In the May 4th Crypto Trader Digest, I discounted the launching of GBTC because there had been no trades. Yesterday the first trade on GBTC occurred at a price of $42. Since each share represents 0.1 Bitcoin, that equates to a Bitcoin price of $420 or a 75% premium to the prevailing spot price at the time.
Many in the Bitcoin community were waiting for the first GBTC trade to initiate the resurgence of a bull market. However, the market digested the news and FELL. During US hours on May 4th, the price hovered around $240. Early morning May 5th, the price fell to a low of $231. GBTC while a step in the right direction for the investability of Bitcoin, has serious shortcomings that prevent it from being the catalyst that everyone wishes it to be.
As I have said previously, it is impossible to arbitrage the premium between GBTC and spot. The arbitrage mechanism is what would trigger a price rise. The buying pressure that leads to a premium over Net Asset Value (NAV) needs to find it’s way into the Bitcoin spot market. That happens when market makers, sell GBTC, buy Bitcoin, and deliver the Bitcoin to the fund manager in return for shares of GBTC. That allows the market makers to capture the premium. Even if GBTC had significant volume (only a handful of shares traded), the fund structure prohibits the creation of shares by tendering Bitcoin or cash to the fund manager within two settlement days. The creation process must happen within two settlement days to match the delivery of GBTC shares to the buyer. Then the sale by the market maker will be considered a long sell and not a short sell, which requires the trader to borrow the shares before selling on the open market. Currently it takes one year to create new GBTC shares.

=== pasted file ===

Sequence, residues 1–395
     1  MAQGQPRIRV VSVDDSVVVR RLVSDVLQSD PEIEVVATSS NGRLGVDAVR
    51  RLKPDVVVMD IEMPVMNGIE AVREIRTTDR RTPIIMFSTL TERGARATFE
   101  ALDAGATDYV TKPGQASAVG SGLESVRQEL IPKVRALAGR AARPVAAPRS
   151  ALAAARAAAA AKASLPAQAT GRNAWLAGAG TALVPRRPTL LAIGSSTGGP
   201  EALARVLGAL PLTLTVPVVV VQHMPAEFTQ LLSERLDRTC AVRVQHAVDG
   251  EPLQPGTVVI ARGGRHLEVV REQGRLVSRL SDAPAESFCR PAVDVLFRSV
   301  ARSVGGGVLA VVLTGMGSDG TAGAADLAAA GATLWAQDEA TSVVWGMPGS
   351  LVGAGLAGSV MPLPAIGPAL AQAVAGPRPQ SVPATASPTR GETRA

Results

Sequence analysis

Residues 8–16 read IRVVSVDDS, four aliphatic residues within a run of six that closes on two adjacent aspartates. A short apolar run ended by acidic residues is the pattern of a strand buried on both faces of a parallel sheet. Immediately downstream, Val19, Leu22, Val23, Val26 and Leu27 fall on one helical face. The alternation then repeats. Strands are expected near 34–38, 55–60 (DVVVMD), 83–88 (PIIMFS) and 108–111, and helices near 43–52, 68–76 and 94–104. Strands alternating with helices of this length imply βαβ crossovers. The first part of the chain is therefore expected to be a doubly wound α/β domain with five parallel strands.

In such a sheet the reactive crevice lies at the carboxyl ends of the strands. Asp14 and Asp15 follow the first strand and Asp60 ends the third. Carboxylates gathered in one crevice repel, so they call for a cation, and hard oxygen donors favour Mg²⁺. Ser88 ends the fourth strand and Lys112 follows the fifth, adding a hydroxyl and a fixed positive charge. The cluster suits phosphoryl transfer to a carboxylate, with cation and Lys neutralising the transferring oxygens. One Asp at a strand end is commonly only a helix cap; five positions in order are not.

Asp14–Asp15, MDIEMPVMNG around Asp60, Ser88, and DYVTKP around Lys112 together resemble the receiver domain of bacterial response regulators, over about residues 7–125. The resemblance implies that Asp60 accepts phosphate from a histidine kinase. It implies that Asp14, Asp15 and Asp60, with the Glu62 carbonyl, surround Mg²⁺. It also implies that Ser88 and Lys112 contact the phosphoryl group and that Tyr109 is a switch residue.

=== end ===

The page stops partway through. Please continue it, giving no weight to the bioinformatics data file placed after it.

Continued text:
GBTC will not save Bitcoin from the jaws of the bears. The premium it trades at is interesting, but not significant. If the first GBTC trade was your bull market thesis, it is time to go back to the drawing board. GBTC traded, and the market yawned.